Clinton Campaign Conducted No State Polls In Final Three Weeks Of Election

Hillary Clinton Getty Images/Timothy A. Clary

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Robert Donachie Capitol Hill and Health Care Reporter
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Former Secretary of State Hillary Clinton’s campaign stopped conducting state polls in the final three weeks of her 2016 bid for the presidency.

Instead of collecting information on how voters were feeling about the candidate and major policy issues in key states, the Clinton campaign primarily relied on data analytics to project voter turnout and the overall state vote, according Greenberg Analytics.

The one poll the campaign was reportedly watching on a regular basis was what they called their daily analytics poll, which did not measure which candidate was defining the election or mobilizing voters.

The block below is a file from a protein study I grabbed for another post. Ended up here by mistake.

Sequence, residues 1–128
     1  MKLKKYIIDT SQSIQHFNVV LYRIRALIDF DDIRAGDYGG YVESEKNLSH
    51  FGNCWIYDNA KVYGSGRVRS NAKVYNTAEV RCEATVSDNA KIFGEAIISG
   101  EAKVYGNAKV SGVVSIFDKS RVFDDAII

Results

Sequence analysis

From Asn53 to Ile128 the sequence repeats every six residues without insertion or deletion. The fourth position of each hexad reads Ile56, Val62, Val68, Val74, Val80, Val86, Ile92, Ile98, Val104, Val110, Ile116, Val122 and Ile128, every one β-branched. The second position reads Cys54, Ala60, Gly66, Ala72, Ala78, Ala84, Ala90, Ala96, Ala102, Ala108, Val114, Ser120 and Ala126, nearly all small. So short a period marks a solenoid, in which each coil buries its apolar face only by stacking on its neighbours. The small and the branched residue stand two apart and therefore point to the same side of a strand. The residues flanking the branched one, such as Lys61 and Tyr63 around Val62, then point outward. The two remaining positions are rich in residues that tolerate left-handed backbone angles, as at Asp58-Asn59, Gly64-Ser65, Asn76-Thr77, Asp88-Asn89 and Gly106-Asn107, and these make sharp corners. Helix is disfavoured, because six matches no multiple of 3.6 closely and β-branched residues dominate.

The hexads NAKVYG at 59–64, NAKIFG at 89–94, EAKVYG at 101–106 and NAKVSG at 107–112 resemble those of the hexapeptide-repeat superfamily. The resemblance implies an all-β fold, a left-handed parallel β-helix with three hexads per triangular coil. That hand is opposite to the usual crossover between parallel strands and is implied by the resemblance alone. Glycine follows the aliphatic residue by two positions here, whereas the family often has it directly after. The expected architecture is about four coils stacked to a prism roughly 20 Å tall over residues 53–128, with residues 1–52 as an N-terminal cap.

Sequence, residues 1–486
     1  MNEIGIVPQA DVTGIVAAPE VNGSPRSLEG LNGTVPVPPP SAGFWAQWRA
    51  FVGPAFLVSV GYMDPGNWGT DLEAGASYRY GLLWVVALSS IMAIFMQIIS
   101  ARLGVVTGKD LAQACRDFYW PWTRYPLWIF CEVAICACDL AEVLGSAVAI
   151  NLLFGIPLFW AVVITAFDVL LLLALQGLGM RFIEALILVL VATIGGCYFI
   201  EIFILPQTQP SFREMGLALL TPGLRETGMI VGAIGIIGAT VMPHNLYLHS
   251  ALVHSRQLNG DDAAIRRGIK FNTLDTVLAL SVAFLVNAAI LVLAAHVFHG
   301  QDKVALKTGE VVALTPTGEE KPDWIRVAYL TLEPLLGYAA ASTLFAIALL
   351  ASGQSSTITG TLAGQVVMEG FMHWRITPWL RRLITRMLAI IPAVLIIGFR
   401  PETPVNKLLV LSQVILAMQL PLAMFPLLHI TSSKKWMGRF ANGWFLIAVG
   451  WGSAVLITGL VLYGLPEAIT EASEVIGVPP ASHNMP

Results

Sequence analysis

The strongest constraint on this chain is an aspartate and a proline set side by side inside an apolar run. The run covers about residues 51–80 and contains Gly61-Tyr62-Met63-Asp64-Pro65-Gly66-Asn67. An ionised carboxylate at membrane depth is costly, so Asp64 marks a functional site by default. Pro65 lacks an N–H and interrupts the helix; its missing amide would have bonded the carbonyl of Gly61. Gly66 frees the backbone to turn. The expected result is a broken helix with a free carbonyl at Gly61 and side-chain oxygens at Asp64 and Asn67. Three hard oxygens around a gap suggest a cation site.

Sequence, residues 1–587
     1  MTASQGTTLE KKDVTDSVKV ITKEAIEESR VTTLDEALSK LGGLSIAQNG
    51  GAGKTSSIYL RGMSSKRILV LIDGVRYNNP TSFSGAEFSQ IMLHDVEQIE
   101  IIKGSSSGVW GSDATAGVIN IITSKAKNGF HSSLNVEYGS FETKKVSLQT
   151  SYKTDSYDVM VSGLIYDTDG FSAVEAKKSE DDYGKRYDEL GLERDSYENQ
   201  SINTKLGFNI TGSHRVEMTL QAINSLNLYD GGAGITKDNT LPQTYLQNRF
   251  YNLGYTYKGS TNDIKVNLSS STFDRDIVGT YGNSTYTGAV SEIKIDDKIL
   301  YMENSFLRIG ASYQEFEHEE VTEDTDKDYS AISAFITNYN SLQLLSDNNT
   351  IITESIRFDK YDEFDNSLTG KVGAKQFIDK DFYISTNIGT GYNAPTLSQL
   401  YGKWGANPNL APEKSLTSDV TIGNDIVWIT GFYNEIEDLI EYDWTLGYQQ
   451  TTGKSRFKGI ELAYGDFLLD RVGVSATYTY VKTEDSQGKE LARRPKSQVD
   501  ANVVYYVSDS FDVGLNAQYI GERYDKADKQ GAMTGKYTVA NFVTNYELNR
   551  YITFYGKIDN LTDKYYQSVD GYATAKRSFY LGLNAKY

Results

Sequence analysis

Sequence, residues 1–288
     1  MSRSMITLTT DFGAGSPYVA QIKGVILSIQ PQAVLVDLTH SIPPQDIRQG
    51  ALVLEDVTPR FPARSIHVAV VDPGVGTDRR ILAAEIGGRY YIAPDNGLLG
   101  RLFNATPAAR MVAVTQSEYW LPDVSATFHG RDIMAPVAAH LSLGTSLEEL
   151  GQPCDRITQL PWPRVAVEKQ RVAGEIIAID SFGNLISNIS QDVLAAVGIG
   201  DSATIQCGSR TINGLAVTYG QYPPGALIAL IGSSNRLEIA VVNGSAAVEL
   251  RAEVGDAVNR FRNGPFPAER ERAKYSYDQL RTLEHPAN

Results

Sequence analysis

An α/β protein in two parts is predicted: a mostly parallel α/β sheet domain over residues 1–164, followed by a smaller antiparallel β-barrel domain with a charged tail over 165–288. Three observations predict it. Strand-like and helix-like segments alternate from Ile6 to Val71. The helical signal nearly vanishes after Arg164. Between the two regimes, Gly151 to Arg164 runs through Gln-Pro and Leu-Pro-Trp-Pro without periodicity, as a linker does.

It is possible that the campaign thought her win was a sure deal. Nate Silver of FiveThirtyEight had Clinton at a 70 percent chance of winning the general election leading up to the election. In fact, Silver had Clinton at 70 percent the night before the general election.

Clinton herself is a notorious policy wonk, as were a number of folks on her analytics team, which was captained by Elan Kriegel.

While the former secretary of state did well in college-educated counties in 2016 and even improved on former President Barack Obama’s 2012 performance in some of those counties, she ultimately fell to President Donald Trump in the electoral college.

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